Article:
Simon Bolivar

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Simon Bolivar, “Jamaican Letter”

Captivation or being restrained due to certain circumstances that prevents free choice is usually one of many great reasons to form revolutionary ideas. To get from captivation to liberation, one must consider change, a major component needed in order to gain freedom after enslavement. Latin America, in the eighteen hundreds, sought the need for change due to the resentment of the Spanish rule. Simon Bolivar, the revolutionary leader of Latin America, will seek independence from Spain. It was in Jamaica where Bolivar wrote a letter known as the “Jamaican Letter”, one of Bolivar’s greatest proposals. The letter emphasizes his thoughts and meanings of the revolution while envisioning a variety of governmental structures, of the New World, that could one day be recognized.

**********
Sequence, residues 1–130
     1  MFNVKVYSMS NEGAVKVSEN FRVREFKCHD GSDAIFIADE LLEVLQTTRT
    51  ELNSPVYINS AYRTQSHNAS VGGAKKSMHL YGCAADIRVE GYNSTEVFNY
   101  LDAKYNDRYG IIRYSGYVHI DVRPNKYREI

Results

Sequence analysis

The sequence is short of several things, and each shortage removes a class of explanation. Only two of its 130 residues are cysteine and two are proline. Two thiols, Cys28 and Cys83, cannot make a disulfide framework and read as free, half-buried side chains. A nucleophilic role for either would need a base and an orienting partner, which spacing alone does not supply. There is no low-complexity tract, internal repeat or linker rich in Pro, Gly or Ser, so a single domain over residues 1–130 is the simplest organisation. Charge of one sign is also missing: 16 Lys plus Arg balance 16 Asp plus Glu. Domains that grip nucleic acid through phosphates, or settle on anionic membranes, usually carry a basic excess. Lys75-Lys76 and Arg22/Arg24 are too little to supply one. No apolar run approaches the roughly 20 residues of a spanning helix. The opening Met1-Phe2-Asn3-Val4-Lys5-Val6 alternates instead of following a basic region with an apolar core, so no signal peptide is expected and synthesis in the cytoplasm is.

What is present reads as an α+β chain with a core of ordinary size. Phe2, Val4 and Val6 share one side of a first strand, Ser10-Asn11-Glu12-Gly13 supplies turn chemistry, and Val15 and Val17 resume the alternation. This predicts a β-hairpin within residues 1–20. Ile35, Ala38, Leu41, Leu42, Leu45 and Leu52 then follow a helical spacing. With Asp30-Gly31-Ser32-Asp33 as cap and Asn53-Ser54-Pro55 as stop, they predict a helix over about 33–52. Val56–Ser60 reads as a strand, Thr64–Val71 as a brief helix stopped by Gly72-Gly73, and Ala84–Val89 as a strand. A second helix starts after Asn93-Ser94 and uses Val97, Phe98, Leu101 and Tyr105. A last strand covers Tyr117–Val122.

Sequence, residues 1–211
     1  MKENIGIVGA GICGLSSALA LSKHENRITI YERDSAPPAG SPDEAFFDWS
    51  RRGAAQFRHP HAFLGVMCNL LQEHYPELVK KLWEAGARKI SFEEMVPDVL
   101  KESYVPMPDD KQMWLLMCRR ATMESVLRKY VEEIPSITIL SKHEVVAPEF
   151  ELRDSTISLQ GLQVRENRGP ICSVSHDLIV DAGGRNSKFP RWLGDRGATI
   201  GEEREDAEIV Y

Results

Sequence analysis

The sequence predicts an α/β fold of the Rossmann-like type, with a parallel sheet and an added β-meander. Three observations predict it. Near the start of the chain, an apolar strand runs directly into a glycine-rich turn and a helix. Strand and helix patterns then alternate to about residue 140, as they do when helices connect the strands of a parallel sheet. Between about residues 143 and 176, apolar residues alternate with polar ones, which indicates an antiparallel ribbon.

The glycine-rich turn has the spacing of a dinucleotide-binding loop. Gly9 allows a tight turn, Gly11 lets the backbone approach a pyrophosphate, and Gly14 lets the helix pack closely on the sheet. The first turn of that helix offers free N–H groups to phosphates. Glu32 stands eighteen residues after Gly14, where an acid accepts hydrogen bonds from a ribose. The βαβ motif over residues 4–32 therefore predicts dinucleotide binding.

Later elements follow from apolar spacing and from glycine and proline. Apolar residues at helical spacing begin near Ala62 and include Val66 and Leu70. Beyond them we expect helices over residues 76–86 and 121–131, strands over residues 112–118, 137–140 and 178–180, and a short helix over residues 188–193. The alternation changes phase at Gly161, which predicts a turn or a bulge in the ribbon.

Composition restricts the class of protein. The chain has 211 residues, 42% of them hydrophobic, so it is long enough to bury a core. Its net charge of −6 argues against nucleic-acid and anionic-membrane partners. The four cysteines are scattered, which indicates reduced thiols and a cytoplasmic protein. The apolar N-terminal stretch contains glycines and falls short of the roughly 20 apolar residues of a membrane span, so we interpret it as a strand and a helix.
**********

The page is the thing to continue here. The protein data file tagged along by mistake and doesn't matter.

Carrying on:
Bolivar illustrates the relationship between the Spanish American colonies and Spain. The relationship could be described as bitter, at least in the eyes of the Spanish colonies. Inferiority led the Spanish colonies to the ideas of revolution. Although their rights come from the Europeans, they do not acknowledge themselves as Europeans or Indians. The people of the Spanish colonies claim to be, according to Bolivar, “[…] a species midway between the legitimate proprietors of [America] and the Spanish usurper” (411). “Usurpers” meaning a position that is held by forces which entails an unwanted or uninvited relationship. It is because of the Europeans, as stated by Bolivar, that “we have to assert [European] rights against the rights of the natives, and at the same time we must defend ourselves against invaders [which] places us in a most extraordinary and involved situation” (411). This is also evidence of a bitter relationship toward Spain; however, the affiliations that Spain imposes on the colonies are for their personal gains such as the intense labor they receive for the sake of trade privileges. The relationship between Spain’s colonies and...
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